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Monday, 14 June 2010

Diabetes Week 2010

This week is Diabetes week, an annual nationwide awareness week organised by Diabetes UK with the aim of raising awareness about diabetes and the issues people living with the condition face.

Diabetes Cymru UK are raising awareness this week about the key myths about diabetes, and have asked me to share some key facts and statistics with readers of this blog.

Diabetes costs the NHS in Wales £500m a year and is increasing rapidly.

According to the latest QOF statistics, released in September 2009, more than 146,000people in Wales – almost one in 20 people – have been diagnosed with diabetes. This figure had risen by more than 7,000 compared to the previous year’s statistics. The Welsh Assembly Government estimates that a further 50,000 people in Wales have undiagnosed diabetes.

Around 90 per cent of people diagnosed with diabetes have Type 2 diabetes. Usually diagnosed over the age of 40, the condition happens when the body stops making enough insulin or when it cannot use the insulin it produces. Eighty per cent of cases of the condition are associated with being overweight, but other risk factors for the condition are having a large waist and having a close family history of the condition. Being from a black or South Asian background makes people more likely to develop the condition and people from these communities are at risk of the condition from the age of 25. Type 2 diabetes can be treated with diet and exercise, tablets or insulin injections (30 per cent of people with the condition are treated with insulin injections). Many people with Type 2 diabetes assume that it is not as serious as Type 1. In fact, both conditions are serious.

Around 10 per cent of people diagnosed with diabetes have Type 1 diabetes. This condition happens when the body stops producing any insulin and is usually diagnosed in childhood and under the age of 40. It is not associated with lifestyle and cannot be prevented. Type 1 diabetes is always treated with insulin injections or an insulin pump, a device which constantly infuses fast-acting insulin into the body.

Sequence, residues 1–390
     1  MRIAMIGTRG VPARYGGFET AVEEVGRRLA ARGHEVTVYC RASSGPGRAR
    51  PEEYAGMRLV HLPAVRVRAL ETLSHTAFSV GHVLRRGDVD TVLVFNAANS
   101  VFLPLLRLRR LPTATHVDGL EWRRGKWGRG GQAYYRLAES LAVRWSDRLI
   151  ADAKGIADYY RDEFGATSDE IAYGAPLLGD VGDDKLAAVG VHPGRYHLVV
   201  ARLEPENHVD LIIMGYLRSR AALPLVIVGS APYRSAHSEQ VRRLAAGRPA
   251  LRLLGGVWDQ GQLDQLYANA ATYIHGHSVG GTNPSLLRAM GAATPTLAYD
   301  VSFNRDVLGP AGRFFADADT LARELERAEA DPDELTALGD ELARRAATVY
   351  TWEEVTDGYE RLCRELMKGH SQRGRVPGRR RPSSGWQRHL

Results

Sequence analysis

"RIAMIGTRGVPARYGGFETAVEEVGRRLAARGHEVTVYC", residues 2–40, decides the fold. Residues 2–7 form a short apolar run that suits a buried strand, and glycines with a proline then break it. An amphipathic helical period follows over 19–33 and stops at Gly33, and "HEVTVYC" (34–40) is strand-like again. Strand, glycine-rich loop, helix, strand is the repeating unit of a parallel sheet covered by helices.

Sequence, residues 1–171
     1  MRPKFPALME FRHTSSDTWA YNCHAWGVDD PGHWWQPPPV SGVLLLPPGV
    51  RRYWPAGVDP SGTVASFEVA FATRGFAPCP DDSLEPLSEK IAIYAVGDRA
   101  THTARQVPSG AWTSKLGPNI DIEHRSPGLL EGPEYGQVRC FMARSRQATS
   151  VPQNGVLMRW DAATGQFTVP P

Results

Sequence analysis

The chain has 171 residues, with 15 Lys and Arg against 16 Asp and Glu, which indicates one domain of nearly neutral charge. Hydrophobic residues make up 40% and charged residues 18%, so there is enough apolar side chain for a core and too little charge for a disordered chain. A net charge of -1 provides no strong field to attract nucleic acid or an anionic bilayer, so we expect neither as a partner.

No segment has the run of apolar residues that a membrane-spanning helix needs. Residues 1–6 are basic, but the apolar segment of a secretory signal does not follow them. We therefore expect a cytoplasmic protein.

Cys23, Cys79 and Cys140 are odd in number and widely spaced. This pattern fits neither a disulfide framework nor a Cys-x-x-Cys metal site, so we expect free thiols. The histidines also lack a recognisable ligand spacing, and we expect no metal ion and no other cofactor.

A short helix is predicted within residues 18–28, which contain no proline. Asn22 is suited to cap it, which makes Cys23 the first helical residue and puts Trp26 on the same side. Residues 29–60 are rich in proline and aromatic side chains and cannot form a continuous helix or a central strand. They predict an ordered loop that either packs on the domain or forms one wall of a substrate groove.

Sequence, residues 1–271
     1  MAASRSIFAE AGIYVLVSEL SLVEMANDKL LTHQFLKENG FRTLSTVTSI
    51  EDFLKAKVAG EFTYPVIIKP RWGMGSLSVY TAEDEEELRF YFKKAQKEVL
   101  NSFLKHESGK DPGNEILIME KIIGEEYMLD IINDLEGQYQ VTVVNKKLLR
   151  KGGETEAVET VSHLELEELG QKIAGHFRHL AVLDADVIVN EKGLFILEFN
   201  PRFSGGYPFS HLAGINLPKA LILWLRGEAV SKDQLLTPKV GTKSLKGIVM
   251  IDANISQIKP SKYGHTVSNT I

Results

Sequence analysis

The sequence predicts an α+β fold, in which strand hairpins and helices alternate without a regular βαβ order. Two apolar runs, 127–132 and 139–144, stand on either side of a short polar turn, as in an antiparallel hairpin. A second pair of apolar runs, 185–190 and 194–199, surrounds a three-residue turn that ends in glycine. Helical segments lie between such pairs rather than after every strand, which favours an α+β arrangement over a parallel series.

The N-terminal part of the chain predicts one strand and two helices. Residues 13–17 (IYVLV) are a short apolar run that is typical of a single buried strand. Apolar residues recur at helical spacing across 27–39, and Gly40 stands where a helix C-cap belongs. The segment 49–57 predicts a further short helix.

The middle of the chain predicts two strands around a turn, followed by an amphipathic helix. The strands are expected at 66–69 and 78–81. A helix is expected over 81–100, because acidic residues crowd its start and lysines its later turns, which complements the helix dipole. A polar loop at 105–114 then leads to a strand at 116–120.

The complications of diabetes are heart disease, strokes, kidney disease, visual problems that can lead to blindness, and amputation. People with diabetes can reduce their risk of developing these complications by eating a healthy, balanced diet, maintaining a healthy weight, keeping active, taking their prescribed medications and keeping their blood glucose levels within the recommended levels.

People can live with diabetes for up to 10 years before it is diagnosed, which means half of these people already have developed the complications of diabetes. Many people can miss the symptoms of diabetes as they can often be mistaken for getting older and being stressed. The key symptoms of diabetes are going to the toilet more often to pass water (particularly at night), extreme tiredness, blurred vision, genital itching, regular episodes of thrush and slow-healing wounds.

People from deprived communities are up to twice as likely to develop diabetes. In Wales, there is a big variation of the percentage of the population diagnosed with the condition in different areas. According to the latest QOF statistics, Blaenau Gwent has the highest percentage of the population diagnosed with diabetes at 5.8 per cent. This is significantly higher than the area with the lowest percentage, Cardiff, which has 3.6 per cent of the population diagnosed with diabetes.

Diabetes UK Cymru provides advice, support and information for people with diabetes and their families and funds research into diabetes. The charity also does a series of talks for GPs every year and organises an annual conference for healthcare professionals in Wales.

For more information, contact 029 2066 8276, email or visit The charity can also be found on Facebook and Twitter at

I wish them the best of luck with raising awareness this week!

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